Neena Satija Reporter

Neena Satija covers the environment for the Tribune. A native of the Washington, D.C. area, she graduated from Yale University in 2011, and then worked for a number of area news outlets, including the New Haven Independent, the Connecticut Mirror, and WNPR/Connecticut Public Radio. She has also been a regular contributor to National Public Radio. She previously worked for the Toledo Blade, the Dallas Morning News, and the Boston Globe. In her spare time, she enjoys singing (especially in group settings), running, and playing the addictive board game Settlers of Catan. As an East Coast transplant she is particularly thrilled with Austin tacos and warm weather.

Recent Contributions

Before Central Texas Flooding, Officials Sounded Alarm

Residents of Wimberley survey the devastation after the Blanco River crested its banks along River Road in Wimberley on May 25, 2015.
Residents of Wimberley survey the devastation after the Blanco River crested its banks along River Road in Wimberley on May 25, 2015.

When Wimberley residents woke up Sunday to flooding, the surprise was palpable: The area had been going through a drought. But months earlier, local officials had voiced concerns about the rapidly growing region's vulnerability to flooding.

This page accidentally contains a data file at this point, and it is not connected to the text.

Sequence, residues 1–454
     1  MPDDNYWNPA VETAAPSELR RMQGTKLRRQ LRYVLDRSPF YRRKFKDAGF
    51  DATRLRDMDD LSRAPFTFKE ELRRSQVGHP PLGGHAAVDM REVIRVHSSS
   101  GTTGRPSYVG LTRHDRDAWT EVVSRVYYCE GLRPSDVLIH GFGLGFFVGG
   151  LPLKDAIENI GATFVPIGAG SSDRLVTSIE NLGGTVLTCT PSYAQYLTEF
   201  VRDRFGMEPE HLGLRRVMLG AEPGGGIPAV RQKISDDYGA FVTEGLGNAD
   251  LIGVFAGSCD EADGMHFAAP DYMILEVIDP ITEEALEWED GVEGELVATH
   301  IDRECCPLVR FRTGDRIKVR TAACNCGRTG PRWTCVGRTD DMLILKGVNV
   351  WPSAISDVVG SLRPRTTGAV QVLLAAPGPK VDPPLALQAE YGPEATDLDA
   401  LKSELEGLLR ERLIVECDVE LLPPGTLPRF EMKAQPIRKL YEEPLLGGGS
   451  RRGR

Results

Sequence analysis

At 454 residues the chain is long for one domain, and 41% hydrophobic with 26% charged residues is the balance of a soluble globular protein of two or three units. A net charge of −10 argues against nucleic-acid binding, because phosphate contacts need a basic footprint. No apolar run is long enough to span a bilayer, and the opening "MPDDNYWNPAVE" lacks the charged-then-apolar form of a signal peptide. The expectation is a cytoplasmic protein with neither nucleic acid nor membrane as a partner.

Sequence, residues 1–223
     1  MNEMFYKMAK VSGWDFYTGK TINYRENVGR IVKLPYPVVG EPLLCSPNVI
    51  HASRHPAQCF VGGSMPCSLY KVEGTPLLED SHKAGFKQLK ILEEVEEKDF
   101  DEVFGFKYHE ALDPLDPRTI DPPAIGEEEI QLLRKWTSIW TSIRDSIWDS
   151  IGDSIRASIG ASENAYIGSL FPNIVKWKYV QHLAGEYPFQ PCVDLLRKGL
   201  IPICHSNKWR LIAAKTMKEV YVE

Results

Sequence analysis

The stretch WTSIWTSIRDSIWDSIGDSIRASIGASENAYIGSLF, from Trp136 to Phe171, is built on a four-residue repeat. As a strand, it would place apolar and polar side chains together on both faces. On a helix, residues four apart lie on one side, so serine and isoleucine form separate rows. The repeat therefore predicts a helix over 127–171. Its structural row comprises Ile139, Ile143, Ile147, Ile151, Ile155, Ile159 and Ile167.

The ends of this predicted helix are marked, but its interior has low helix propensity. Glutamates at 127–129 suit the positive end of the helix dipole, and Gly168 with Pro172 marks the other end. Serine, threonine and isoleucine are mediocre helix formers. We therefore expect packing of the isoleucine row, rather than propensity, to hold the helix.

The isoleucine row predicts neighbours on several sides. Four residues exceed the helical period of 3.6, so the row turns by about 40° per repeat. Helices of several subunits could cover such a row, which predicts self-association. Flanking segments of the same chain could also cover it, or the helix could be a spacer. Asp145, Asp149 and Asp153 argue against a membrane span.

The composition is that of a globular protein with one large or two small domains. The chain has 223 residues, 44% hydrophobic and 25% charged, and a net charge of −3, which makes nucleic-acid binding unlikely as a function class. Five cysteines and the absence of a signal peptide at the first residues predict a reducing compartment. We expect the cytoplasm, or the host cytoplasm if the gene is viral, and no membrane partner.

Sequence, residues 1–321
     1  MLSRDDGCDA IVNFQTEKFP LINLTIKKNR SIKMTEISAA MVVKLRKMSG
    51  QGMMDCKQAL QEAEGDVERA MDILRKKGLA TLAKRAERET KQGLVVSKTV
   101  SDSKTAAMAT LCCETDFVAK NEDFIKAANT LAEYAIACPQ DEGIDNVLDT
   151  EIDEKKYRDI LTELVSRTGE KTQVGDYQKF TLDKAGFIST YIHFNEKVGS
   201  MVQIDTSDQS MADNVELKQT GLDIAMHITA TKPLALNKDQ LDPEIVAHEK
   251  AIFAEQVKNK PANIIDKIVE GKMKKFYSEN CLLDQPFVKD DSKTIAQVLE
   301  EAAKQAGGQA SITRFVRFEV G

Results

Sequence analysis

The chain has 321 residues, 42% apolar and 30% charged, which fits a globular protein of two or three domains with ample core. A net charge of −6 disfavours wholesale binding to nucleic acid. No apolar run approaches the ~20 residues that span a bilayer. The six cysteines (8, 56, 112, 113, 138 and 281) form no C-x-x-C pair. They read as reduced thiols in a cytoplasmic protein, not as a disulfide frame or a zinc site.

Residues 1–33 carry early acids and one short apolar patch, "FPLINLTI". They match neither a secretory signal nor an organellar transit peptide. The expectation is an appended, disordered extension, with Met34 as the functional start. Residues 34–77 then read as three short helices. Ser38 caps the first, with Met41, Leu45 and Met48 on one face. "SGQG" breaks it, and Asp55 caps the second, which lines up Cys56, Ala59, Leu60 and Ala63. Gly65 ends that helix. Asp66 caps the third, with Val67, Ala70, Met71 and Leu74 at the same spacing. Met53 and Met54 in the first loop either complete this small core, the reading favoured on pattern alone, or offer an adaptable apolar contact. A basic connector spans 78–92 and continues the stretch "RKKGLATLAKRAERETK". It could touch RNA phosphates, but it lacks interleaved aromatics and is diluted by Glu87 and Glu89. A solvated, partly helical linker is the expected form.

OSHA Chief: Fine for Deadly Leak "Petty Cash" for DuPont

DuPont's chemical plant in La Porte. In November 2014, a toxic gas leak killed four workers inside a unit that manufactures a popular insecticide called Lannate.
DuPont's chemical plant in La Porte. In November 2014, a toxic gas leak killed four workers inside a unit that manufactures a popular insecticide called Lannate.

Seven months after a toxic gas leak killed four workers at DuPont’s chemical plant in La Porte, a top U.S. labor official blasted the company’s commitment to workplace safety, saying he wished he could hand out a stiffer punishment.

 

Reveal Radio: "Cop Watchers" Police the Police

Antonio Buehler, co-founder of the Peaceful Streets Project, films law enforcement during a public intoxication near the University of Texas at Austin on April 24, 2015.
Antonio Buehler, co-founder of the Peaceful Streets Project, films law enforcement during a public intoxication near the University of Texas at Austin on April 24, 2015.

Most of the high-profile cases of alleged police abuse today are caught on tape by people who happen to be walking by. But there's also an organized movement of "cop watchers" who consider it their jobs to police the police.

Texas a Flashpoint in Debate Over Right to Film Police

Steve Donahue, of the Peaceful Streets Project, filmed law enforcement during a public intoxication near the University of Texas at Austin on April 24, 2015.
Steve Donahue, of the Peaceful Streets Project, filmed law enforcement during a public intoxication near the University of Texas at Austin on April 24, 2015.

As videos play an ever larger role in cases of alleged police brutality, "cop watching" is attracting organized activists in communities across the country. Clashes with police are inevitable, and now both sides are asking lawmakers to help clarify the ground rules.